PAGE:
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I picked up my 2004 RS last week with 30000kms on the clock. I just want to know if warming up the motor is the best practice. My old RS I would warm to 42degC before taking off.
Sorry if there is already a thread on this but I could not find one.
Be safe
 

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I never worry about warming up. If freezing cold, it might idle while I button my gear against the weather, but I don't think it's necessary. I won't push it hard until it's been run a few minutes. By the time I'm out of my neighborhood a mile or so, it's ready for anything.

I put 104,000 miles my first Triumph triple and 84,000 miles on my second. No issues with engine wear or oil consumption.
 

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Discussion Starter #3
Thanks for the response and wow if you get that much mileage then I can not see any benefit in letting it idle for around 3to4 minutes to warm it up.
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The only warm up I ever do is to start the bike in my unheated garage, then back it out before heading off, maybe a minute at most. I find it is a lot more important to go at a leisurely pace for about a mile to get the tires warmed up. Once the tires are sticky, the rest of the bike seems ready to do whatever I want of it. This is especially true when the outside temperature is below freezing. My previous Sprint was a 98, with carbs. It needed a mile or so before the engine was ready to respond well, sometimes more than 2 miles on 20F days. 2011 Sprint works immediately.
 

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Zero need to warm up a modern fuel injected bike

Sent from my SM-G955U using Tapatalk
 

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There's a thread here where a member started his modern classic, left the choke on went back inside, left the bike running for 20 minutes I think and seized it!
 

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My ritual is to gear up, mount up, and start the bike. Then put the gloves on. By the time I've got them on, the bike is ready to go.

Ditto the tires, though. Consider the grip before you get crazy in corners.
 

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There are many opinions on whether or not or how long to warm up ICE's on every forum.
If you've ever seen the difference in oils when fully warm and in cold climates I'd think anyone would want to at least warm up an engine at least until the idle has stabilized.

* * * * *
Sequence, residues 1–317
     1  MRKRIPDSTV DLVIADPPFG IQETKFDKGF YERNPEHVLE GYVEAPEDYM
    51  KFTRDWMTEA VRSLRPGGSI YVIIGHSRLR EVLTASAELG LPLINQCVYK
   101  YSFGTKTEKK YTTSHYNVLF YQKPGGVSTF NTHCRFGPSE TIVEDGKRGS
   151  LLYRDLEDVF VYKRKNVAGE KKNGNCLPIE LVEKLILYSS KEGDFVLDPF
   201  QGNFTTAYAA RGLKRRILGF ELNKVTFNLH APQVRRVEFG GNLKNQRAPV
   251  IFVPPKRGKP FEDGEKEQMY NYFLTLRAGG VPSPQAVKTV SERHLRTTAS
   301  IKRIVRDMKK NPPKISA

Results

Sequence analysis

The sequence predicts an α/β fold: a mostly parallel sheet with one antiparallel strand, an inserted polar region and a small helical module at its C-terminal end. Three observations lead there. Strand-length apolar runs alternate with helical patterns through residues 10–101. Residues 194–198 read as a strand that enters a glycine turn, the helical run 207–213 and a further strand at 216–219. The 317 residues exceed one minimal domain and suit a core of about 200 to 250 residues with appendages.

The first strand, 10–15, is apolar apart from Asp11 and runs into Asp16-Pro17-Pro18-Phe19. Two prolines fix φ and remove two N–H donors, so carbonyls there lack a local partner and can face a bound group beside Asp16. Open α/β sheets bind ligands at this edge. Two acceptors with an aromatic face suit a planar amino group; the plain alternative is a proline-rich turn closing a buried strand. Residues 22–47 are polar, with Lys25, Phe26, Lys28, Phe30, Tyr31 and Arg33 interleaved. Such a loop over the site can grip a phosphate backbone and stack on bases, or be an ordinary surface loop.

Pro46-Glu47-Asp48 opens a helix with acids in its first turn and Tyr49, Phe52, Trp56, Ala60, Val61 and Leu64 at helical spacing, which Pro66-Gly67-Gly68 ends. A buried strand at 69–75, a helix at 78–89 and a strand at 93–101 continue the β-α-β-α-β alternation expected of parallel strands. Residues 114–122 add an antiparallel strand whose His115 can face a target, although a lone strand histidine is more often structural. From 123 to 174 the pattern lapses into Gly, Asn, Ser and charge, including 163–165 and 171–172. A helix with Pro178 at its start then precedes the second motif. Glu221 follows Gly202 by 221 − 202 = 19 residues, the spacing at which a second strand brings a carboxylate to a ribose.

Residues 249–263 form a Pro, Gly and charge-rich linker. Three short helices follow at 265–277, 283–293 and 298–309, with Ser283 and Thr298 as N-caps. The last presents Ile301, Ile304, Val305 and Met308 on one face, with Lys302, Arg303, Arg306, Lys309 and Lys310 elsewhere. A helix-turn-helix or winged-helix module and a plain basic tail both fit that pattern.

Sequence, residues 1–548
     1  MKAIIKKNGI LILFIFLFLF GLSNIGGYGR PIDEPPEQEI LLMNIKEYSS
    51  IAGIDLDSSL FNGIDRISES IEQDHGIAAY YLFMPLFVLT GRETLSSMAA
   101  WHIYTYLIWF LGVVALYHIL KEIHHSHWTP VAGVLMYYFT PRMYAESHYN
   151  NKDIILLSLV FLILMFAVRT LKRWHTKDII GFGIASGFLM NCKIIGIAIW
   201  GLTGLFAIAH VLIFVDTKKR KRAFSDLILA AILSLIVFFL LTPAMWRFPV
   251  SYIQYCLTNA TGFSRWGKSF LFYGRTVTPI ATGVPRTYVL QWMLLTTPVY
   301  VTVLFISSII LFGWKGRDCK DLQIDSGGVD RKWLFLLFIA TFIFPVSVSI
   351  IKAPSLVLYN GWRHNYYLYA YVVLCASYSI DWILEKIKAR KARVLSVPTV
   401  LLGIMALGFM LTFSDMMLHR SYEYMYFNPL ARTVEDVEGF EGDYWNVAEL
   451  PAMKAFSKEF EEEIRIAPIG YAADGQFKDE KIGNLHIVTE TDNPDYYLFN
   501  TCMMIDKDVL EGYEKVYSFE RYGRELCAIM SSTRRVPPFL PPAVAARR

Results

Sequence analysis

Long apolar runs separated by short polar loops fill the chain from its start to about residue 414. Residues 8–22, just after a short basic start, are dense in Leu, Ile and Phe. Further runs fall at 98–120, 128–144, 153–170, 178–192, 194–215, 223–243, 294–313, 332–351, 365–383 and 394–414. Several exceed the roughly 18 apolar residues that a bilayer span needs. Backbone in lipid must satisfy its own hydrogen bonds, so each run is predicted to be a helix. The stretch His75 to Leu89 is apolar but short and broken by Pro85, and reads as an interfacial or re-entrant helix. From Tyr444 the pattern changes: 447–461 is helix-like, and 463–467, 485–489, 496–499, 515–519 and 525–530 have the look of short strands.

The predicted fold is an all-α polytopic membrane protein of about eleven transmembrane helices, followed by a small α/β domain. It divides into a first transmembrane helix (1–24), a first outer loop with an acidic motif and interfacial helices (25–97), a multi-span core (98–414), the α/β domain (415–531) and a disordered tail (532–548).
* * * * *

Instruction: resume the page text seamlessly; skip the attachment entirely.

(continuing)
I know guys who will gear up, get on, start up and ride away immediately at any temperature. The guys I know that do that are also not the ones who work on their own vehicles. But they don't seem to have many problems either. It's all anecdotal experiences.
I've read various technical publications that state it's not important to warm up a modern FI engine and as long as it can idle you're good to go.

Personally I do pre-checks, start up, and then put on my helmet and gloves on, then ride easy at first.
I think more than just the engine oil needs to warm up, at least a little.
Plus on a motorcycle there's more at risk if something is amiss you didn't notice so I don't mind taking it easy at first.
 

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Whilst I agree with most of what I've read on this thread, I think there needs to be a distinction between being good to go/riding off, and using full throttle/lots of revs.

With modern bikes you can just hit the button and ride off, but it's still worth letting the oil warm up before getting too enthusiastic on the throttle.

One of my other bikes with a fancy LCD rev counter; it shows a lower red line when the engine is cold and that increases gradually to the "normal" red line as the engine warms up. It only takes a mile or two, but it's a handy reminder
 

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FWIW, my old Buell instructor said take it easy for the first 15 miles as there's a lot of metal to warm up. For dyno runs we'd ride the bike for 15 miles, let it sit for 5 minutes and then have at it.
 

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I start my bike before I put gloves and helmet on, so it's only running for a minute or two before riding off. I take it easy for a fair period, because while the temp gauge rises quickly, the oil temp takes a good 10-15km to reach nominal temperature.
The 1290's had some issue with crushing oil filters, which was traced to over eager riders revving the engine while the oil was cold. Sorted with a new filter with pressure relief valve, but not something you want to activate.
 
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